The good: Untainted by rate fixing scandals and mis-selling dramas, boutique banks focus on client services – their relationships are what bring in the money, their advice is the sole selling point and is untainted by potential conflicts of interests found at bulge brackets. “Even now, fines from rate fixing and reduced trading volumes will reduce bonuses at large banks,” says Pringle. “Boutiques are not affected by this – their reputations are intact and they’ll pay people what they’re worth.”
The bad: Some boutiques focus on particular sectors, which means that if business in that area takes a turn for the worse, employees are exposed. What’s more, winning mandates without a big brand name is much harder, even if you’re well-respected. “This is the old model of investment banking and many times you will be required to dig much deeper than other firms because they don't have a balance sheet to leverage, only the quality of advice they give clients. That requires much more from the people that work here,” says one boutique employee.
The ugly: Despite claims of meritocracy and a lack of office politics, not all business areas have the same clout within the organisation. If, say, the firm has historical expertise in one particular sector before expanding its range, then the traditional sector tends to hold more sway internally. Boutiques tend to do a lot of restructuring work, for example, and because that's a big revenue generator, M&A bankers lack status in some firms. “It can be hard to succeed if you are placed in one of the ‘less important’ verticals,” says another boutique employee on Vault.com.
The good: Yes, headcount is increasing, often at a rapid rate and this is unusual in the current environment. “We’re growing right now, and that’s incredibly rare,” Mark Aedy, head of EMEA and Asia at Moelis & Co told a recent LSE conference. “Whatever industry you join, make sure it’s growing. Investment banking has got to shrink – it’s grossly overpopulated. It’s been happening already, but there’s a long way to go.”
The bad: Growing pains – boutiques are “entrepreneurial, but lacking in structure”, according to some employees. What’s more, they might be hiring for the front office, but the infrastructure is lacking: “The back office support (IT, printing dept, etc.) is sub-par,” says one boutique banker. “No research department; all work is done by the analysts and associates.”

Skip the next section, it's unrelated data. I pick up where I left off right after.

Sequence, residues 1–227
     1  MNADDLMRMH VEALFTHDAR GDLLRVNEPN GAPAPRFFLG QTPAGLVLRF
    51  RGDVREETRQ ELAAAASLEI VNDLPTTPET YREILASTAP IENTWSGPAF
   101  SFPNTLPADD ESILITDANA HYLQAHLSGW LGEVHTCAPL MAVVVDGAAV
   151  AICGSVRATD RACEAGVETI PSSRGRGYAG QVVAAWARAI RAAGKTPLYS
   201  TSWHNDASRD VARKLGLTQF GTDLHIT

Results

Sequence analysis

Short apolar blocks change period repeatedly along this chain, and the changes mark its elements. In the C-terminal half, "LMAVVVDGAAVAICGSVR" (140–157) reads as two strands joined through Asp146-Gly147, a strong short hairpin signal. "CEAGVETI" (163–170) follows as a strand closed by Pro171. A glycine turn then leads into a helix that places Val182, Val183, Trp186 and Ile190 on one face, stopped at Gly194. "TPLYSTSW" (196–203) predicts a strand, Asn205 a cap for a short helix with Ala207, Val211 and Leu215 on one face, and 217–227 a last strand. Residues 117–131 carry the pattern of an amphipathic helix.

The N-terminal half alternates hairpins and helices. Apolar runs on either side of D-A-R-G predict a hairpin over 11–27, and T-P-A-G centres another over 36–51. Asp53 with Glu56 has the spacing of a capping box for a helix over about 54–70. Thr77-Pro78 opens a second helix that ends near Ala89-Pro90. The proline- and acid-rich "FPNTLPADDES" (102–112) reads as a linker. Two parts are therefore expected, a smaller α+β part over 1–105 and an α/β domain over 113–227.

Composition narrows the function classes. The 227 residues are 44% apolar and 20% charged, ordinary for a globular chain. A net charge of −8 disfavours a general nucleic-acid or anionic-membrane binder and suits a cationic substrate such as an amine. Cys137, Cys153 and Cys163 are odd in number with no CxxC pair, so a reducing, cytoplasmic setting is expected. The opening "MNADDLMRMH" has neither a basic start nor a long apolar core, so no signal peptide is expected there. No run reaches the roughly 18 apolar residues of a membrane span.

The ugly: They don’t always get the hires right at the senior level, which can make juniors miserable: “Rapid growth in headcount means that there is an uneven distribution of talent across the ranks,” complains one.
The good: Banks like Centerview and Moelis are hot right now, swaying big-name bankers across and generating a lot of positive publicity. Boutiques are generally well-regarded, which means working for one currently automatically opens doors. This, combined with an extensive deal list early in your career and exposure to key industry and banking executives means there’s plenty of scope for exit opportunities. “Best environment on street to get buyside opportunities. Very easy to reach to out to senior people,” says one boutique junior.
The bad: Actually, the above argument has quite a few holes. Firstly, not all boutiques are well-regarded and starting your career at one can give the impression you couldn’t make it into a bulge bracket. For all the dynamic names, there are those who are small and have been stagnating for years. Brand names like Goldman Sachs and Morgan Stanley open doors – huge numbers of analysts move across to private equity every year – smaller firms are only well-regarded in certain sectors.
“If your singular goal entering an investment bank is to work two years and go into private equity, HL is not the best fit (although that route is still available),” says one Houlihan Lokey employee on Vault.com
Even worse, perhaps, boutiques are an exit option for senior bankers who have made a career at a big name already: “The independence which we enjoy from this company structure is a competitive advantage, but it is most useful to the current MDs who come from 25-year careers at Goldman or Morgan Stanley,” says one junior.
The ugly: Boutiques aren’t just a harder sell, they actively discourage their juniors from fleeing to the buy-side: “The firm discourages analysts from looking at external opportunities even upon the completion of their analyst program. As a result, top analysts have not gotten the jobs they wanted,” says one Centerview employee on Vault.com.
The good: Working for a US bank in London or Hong Kong means you’re cut off from the senior management and are often once-removed from the key decision-makers. It’s more fluid in a boutique, which usually have a fluid management structure and base senior executives across offices as diverse as Dallas and Atlanta, as well as New York and London.
The bad: Unfortunately, this way of working means it’s difficult to see people “face-to-face” and means that often boutique culture is lacking any “real identity”.
The ugly: Would you really want to be stuck working in Dallas while most investment bankers are based in New York? You’re away from the centre of the action.